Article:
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AMERICAN TILE, INC.

AMERICAN TILE COMPANY, INC.

GRANITE * MARBLE * TERRAZZO

3454 CHELSEA AVENUE, MEMPHIS, TN 38108

PHONE: 901-327-1814

FAX: 901-327-1342


TERRAZZO

EPOXY TERRAZZO

Epoxy Terrazzo Medallion

Williamson County Justice Center

Franklin, Tennessee

Installed 2004


EPOXY TERRAZZO

Epoxy Terrazzo

DeSoto County Administration Building

Hernando, Mississippi

Installed 2002


Check our Client List for our extensive Terrazzo instalations.


EPOXY TERRAZZO

Epoxy Terrazzo

DeSoto County Administration Building

Hernando, Mississippi

Installed 2002


EPOXY TERRAZZO

Epoxy Terrazzo

AutoZone Headquarteres

Memphis, Tennessee

Installed 1998


EPOXY TERRAZZO

Epoxy Terrazzo

Colonnade Building

Memphis, Tennessee

Installed 2002


EPOXY TERRAZZO

Epoxy Terrazzo

DeSoto County Administration Building

Hernando, Mississippi

Installed 2002


Epoxy Terrazzo

DeSoto Civic Center

Hernando, Mississippi

Installed 2002


Epoxy Terrazzo

Sparks Office Building

Memphis, Tennessee

Installed 2002


Epoxy Terrazzo

Memphis International Airport

Memphis, Tennessee

Installed 2002


Epoxy Terrazzo

Memphis International Airport Maintenance Building

Memphis, Tennessee

Installed 2002


Epoxy Terrazzo

Memphis Light Gas and Water

Memphis, Tennessee

Installed 2003


    Terrazzo, from the Italian word for terraces, was created several hundred years ago in Europe when Venetian workers discovered a new use for discarded marble remnants. Since that time it has become a logical, practical solution for contemporary design and construction. The beauty and versatility of Terrazzo offers today's architects and designers a contemporary flooring and wall material for interior and exterior use.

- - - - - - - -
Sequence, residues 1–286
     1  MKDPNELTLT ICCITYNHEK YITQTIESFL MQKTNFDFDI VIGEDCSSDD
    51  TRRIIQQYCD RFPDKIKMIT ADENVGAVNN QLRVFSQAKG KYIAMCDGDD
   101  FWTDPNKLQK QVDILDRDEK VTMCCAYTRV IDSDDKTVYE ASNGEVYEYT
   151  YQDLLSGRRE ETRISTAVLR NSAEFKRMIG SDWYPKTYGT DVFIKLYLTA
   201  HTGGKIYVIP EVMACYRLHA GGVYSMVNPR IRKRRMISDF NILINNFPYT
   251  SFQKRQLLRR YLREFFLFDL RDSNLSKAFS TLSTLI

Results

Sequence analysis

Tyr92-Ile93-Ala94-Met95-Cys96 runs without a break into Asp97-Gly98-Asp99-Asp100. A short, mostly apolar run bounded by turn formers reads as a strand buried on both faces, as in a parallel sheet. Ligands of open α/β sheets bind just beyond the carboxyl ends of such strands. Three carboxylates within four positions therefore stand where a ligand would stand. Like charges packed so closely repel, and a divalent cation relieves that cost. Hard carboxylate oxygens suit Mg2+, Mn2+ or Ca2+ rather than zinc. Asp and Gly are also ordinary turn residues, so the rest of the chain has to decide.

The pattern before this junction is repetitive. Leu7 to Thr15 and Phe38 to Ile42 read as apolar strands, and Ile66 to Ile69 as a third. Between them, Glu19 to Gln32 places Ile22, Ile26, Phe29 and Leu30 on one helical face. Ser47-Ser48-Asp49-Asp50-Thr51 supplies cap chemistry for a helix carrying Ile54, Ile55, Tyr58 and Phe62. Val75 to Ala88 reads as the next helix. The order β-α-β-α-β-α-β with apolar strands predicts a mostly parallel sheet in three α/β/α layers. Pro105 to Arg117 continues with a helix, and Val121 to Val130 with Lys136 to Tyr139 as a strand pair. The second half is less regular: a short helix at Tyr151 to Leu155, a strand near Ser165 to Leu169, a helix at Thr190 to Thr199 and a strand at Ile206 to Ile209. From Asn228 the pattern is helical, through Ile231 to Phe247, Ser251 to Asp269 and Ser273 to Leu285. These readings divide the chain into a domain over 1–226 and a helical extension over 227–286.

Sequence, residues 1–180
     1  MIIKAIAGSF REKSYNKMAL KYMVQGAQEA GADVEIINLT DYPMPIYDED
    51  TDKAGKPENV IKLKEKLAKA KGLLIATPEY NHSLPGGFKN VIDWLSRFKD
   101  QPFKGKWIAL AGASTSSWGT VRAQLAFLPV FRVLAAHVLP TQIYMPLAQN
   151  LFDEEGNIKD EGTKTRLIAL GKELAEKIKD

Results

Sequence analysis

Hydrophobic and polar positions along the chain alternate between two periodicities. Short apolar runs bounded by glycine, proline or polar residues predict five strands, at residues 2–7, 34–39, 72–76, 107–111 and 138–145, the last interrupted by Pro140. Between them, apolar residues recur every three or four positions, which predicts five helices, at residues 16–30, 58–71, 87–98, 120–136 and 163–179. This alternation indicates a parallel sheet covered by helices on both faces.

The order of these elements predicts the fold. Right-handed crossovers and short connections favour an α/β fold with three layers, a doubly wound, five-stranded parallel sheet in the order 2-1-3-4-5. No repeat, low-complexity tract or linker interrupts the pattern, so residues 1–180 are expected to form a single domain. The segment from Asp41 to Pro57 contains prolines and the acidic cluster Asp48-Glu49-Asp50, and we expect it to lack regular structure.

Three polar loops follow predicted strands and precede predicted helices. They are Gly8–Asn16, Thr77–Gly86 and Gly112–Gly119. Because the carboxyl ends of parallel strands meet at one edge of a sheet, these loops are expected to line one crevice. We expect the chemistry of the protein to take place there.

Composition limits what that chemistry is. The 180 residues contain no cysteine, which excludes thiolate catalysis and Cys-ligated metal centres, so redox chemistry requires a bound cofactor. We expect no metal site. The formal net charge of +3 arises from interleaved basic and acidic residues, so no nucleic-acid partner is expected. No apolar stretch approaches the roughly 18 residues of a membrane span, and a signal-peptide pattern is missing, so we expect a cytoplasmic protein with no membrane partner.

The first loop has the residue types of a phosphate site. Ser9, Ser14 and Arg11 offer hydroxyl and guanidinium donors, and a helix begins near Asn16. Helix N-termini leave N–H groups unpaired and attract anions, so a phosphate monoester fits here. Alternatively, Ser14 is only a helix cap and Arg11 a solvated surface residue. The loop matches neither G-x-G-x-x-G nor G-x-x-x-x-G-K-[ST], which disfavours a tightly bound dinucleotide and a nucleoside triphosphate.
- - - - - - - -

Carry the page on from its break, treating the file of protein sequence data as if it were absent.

Fifteenth-century Venetian mosaic workers began to use odd-size marble chips (remaining from shaping the stone tesserae) to surface the terraces around their living quarters. The uneven surfaces created, when the chips were set in clay to anchor them, convinced the workers that flattening the surface would produce a smoother surface more comfortable for walking. They began to rub the surface with handstone, achieving a flat surface.

    The workers soon advanced their technique for rubbing the surfaces by designing a long handle with a weighted end to which they could fasten their pumice grinding stones. Now they were able to rub the terraces in a more comfortable upright position, utilizing their body weight to provide the pressure to abrade the surface faster. This tool was named the "Galera." A smoother surface was achieved with this crude equipment and back-breaking labor, but it still lacked the true marble color that only resulted when the surface was wet. As years passed, workers discovered the milk from their goats brought out the true color of the marble when applied to the surface. The true color of the marble was retained when it was dry. This was the first Terrazzo sealer!